Massive MIMO antenna arrays, combined with beamforming, will be mainstays of 5G cell sites. The former greatly enhances capacity by allowing up to 1,024 antennas (more, no doubt, in future) to work in parallel; while beamforming enables them to be directed far more precisely, increasing performance and spectral efficiency.
Pivotal Commware claims to be taking beamforming a step further with its technology, Holographic Beamforming, and is drumming up OEM and operator support to try to establish industry standards for the advanced approach to “beam management”.
As with smart start-ups working on other potential enablers of high 5G performance – like mobile full duplex, for instance – Pivotal knows that, with technology operating at this fundamental radio level, success is reliant on being included in standards, preferably 3GPP ones.
In 3G and 4G, antenna tilt functionality was fairly limited in impact, and was standardized outside of 3GPP by the Antenna Interface Standards Group (AISG). But with advanced beamforming being far more integral to 5G performance, 3GPP aims to define an abstraction layer of beam options supported by an open interface, in order to support interoperability between different vendors of networks and antennas.
Pivotal hopes to place its technology at the heart of that effort, thereby achieving powerful partnerships and the ability to punch above its weight in the ecosystem, and gain a commercial headstart on larger rivals.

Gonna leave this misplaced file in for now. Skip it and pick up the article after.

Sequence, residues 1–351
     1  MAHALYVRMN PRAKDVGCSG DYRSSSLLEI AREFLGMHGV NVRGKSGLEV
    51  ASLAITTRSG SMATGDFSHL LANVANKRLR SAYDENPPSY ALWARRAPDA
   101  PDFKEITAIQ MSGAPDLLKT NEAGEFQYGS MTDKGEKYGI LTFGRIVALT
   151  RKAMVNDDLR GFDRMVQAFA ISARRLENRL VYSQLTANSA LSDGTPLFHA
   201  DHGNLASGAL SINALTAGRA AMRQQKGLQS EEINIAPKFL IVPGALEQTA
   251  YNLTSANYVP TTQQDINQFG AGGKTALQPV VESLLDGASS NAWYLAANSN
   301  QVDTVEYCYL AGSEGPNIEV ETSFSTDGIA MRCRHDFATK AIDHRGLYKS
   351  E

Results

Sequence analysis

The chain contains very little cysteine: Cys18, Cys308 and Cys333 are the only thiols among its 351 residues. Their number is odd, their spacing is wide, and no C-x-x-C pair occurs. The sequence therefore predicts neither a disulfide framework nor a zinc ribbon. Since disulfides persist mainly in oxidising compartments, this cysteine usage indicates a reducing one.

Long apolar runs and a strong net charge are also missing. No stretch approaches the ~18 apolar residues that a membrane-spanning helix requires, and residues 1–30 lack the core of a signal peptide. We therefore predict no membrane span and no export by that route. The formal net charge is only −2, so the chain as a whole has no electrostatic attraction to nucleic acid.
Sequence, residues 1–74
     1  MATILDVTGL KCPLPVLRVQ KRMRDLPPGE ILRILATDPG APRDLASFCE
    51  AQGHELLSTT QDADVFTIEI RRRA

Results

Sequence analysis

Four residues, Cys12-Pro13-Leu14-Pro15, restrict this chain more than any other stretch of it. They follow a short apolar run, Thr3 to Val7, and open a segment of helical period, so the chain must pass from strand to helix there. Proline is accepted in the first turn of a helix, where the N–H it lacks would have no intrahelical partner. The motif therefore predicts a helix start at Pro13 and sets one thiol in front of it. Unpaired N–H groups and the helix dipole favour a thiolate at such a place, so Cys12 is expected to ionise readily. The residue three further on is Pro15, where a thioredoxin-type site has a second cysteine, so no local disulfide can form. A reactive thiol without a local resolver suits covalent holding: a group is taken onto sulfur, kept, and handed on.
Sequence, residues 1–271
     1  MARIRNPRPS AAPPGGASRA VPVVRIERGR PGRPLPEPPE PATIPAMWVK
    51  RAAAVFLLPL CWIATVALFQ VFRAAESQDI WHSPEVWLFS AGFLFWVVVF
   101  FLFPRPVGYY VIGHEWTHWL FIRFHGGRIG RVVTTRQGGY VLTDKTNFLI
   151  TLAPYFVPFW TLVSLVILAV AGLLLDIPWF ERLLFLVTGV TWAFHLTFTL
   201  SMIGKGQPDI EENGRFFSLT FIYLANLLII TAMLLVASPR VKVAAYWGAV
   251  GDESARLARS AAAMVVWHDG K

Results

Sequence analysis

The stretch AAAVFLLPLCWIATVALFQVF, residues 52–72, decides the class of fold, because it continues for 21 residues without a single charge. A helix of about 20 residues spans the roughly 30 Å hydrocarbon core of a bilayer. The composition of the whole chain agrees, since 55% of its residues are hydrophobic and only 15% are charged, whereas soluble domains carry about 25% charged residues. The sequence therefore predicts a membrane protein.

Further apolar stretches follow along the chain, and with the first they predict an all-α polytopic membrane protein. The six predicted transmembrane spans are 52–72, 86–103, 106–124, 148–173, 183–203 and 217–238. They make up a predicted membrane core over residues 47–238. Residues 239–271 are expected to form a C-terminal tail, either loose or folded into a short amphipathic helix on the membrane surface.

The firm says 5G – especially the millimeter wave spectrum and Massive MIMO which are key elements – is making beamforming essential. In previous mobile generations, antennas were directed by upper layer functionality, but 5G is seeing the emergence of software-defined antennas (SDAs). These acquire information about the user environment in order to determine the shape and steering of the beam, and negotiate as full partners with upper layers to optimize the link.
CEO Brian Deutsch said in a recent interview: “Beamformers offering low cost, size, weight, power and the ability to conform to curved surfaces found in street furniture, will be indispensable to widespread 5G implementation and need to be part of the 3GPP standard.”
Alex Katko, director of product engineering, added: “3GPP delegates have determined that beamforming capabilities range from fundamental to advanced. It’s critical to 5G equipment interoperability that fundamental capabilities are standardized rather than left to proprietary implementations.”